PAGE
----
I turned back to indicate the documents on the table. “Those. The alchemy essays and the strange recipes.”
He came into the room, shucking off his large overcoat and standing by the table. “Sit,” he said simply, an odd gleam in his eye as he perused the papers and selected one.
I didn’t know whether to feel excitement or dread as I set down the books and clambered back onto the large table.
He handed me the chosen page and began to light more candles, positioning them to give me better light. “Can you read this?”
I studied the text hungrily. It was a long passage broken toward the end by strange symbols that weren’t letters of any kind I’d ever seen. The words themselves looked to be Zemyan, from the northern mercantile lake country or one of its colonies. I checked the spines of the books beside me, Uncle Dusan watching my every move with childlike wonder, and opened the Zemyan dictionary. I found the extra paper and quill I’d been using to take notes and set about the task. My page of notes grew steadily as I worked and within a few minutes I was able to read the passage aloud:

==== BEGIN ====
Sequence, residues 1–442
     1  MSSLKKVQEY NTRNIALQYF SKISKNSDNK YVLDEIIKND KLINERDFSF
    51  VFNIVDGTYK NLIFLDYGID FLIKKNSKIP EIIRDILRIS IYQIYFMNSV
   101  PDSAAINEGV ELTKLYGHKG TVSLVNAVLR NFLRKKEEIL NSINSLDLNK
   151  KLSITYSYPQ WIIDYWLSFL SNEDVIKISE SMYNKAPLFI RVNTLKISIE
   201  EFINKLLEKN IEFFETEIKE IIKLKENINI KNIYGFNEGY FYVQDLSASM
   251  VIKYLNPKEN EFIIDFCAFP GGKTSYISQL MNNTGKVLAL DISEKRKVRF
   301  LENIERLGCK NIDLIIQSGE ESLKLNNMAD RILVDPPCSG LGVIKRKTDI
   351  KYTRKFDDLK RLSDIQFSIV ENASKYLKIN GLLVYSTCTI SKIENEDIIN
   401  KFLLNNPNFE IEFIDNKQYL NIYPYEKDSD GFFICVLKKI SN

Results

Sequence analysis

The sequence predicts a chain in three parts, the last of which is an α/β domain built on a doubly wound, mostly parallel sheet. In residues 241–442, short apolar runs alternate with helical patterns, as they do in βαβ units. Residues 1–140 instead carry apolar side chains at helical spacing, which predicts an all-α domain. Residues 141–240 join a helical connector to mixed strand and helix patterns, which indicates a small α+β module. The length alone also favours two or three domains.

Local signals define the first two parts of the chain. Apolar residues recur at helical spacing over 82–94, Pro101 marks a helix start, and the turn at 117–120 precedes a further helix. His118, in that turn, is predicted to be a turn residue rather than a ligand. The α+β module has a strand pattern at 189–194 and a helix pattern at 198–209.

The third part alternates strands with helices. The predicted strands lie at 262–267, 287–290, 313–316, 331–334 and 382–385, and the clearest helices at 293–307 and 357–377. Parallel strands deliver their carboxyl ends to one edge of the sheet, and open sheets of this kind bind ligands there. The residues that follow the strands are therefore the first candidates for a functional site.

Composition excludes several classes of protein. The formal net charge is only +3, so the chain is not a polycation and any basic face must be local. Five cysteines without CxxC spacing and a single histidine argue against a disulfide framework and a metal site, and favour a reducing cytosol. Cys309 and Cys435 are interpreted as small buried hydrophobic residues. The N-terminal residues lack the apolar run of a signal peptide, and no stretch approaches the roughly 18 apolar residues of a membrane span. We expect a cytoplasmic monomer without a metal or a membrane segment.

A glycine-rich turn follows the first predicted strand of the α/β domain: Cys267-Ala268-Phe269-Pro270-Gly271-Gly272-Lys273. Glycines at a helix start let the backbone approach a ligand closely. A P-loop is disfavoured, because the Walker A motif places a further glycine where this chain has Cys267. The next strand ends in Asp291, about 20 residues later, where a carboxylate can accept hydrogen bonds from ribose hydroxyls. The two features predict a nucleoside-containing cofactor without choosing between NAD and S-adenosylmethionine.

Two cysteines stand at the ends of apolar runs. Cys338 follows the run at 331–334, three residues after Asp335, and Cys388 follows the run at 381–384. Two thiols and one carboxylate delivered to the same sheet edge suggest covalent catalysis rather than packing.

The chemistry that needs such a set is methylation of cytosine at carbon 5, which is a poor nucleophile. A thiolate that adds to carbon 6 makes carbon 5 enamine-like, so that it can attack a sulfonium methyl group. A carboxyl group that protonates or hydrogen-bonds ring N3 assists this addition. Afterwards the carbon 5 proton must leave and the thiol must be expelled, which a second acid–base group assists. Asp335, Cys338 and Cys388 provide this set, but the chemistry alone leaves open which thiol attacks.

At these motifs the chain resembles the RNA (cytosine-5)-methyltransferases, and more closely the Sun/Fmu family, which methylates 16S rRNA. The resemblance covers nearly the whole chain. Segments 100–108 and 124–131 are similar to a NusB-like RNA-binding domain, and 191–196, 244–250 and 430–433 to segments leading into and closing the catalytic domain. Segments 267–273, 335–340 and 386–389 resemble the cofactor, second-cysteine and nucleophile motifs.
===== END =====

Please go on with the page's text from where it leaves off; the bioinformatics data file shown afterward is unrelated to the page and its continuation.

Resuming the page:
“Research at the University of Zemya has found that the practice of medical alchemy may greatly complement conventional medicine. Most recently, Zemyan alchemists have undertaken such experiments as—”
As I read, Uncle Dusan put his head in his hands.
“Uncle?” I whispered, setting down the page.
He raised his head, eyes shining. “All these months I have been collecting these works in the hopes of finding a translator… and now I find there has been one in my own home all along?” He reached across the table and seized my shoulders. “Child, your skill will be useful indeed!” Then he sobered. “But heed what I have said—some words are better left unread, and some,” he placed a hand on the Zemyan paper I had put down, “are better left unremembered.”